MECHANISM AND BURDEN OF DISEASE IN PATIENTS WITH EBV+ PTLD

PATHOPHYSIOLOGY OF EBV+ PTLD

EBV is one of the most common human viruses and is associated with more than a dozen malignancies in both hematological and solid tumors.1 EBV infects 90% of people before adulthood across the world.2

EBV primarily infects B cells. Primary EBV infection usually occurs prior to adulthood through exposure to saliva or other fluids of an infected individual and results in either asymptomatic infection or symptomatic mononucleosis.2 Following primary infection, EBV establishes a latent infection that persists within memory B cells at low levels, which results in a lifelong infection that the immune system can usually control but cannot clear.2 In immunocompetent individuals, EBV infection is controlled by a strong immune response of virus-specific and nonspecific T cells that eliminate the majority of EBV-infected B cells.3

A consequence of EBV infection may include B-cell immortalization.2,4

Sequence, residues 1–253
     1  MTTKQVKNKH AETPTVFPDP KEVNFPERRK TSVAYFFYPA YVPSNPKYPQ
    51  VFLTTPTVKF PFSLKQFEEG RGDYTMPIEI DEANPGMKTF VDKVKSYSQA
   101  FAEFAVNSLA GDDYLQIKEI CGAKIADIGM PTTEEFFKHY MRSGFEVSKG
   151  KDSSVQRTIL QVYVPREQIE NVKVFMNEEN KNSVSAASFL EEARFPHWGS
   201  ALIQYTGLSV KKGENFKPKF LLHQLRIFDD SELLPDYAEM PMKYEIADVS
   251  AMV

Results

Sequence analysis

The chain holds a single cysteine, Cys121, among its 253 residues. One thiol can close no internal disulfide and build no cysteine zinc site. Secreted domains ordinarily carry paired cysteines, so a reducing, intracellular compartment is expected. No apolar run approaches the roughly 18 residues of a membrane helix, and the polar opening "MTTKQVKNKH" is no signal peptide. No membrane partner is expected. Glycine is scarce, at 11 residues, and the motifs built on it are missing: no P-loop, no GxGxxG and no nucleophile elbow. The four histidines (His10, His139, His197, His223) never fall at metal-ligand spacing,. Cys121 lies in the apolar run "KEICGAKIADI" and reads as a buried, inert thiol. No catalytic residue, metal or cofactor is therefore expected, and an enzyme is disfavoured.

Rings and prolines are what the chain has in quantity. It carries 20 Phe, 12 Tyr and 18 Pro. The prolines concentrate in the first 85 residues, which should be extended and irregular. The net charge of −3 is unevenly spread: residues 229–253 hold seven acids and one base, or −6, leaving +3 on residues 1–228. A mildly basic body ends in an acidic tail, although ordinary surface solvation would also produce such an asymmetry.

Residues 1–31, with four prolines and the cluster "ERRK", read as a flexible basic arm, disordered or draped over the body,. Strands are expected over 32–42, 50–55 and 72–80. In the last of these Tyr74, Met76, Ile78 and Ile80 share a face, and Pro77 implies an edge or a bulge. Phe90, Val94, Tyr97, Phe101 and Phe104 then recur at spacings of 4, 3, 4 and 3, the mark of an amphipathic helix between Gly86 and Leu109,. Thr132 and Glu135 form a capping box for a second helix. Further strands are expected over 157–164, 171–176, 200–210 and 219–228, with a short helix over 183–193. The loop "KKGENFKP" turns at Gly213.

B cell

EBV

EBV integrated into host cell nucleus

EBV-infected B cell in lytic phase

T cell

T-cell receptor

B-cell receptor

EBV antigen

EBV infects B cells.2

EBV infection can remain latent. When latent, EBV activates proteins that help it evade detection by the immune system.2

T cells kill infected B cells during intermittent EBV lytic phases, keeping the infection in control.3

T-cell suppression plays a significant role in the development of EBV+ PTLD.5

PATHOPHYSIOLOGY OF EBV

Epstein-Barr virus (EBV) is one of the most common human viruses and is associated with more than a dozen malignancies in both hematological and solid tumors.1 EBV infects 90% of people before adulthood across the world.2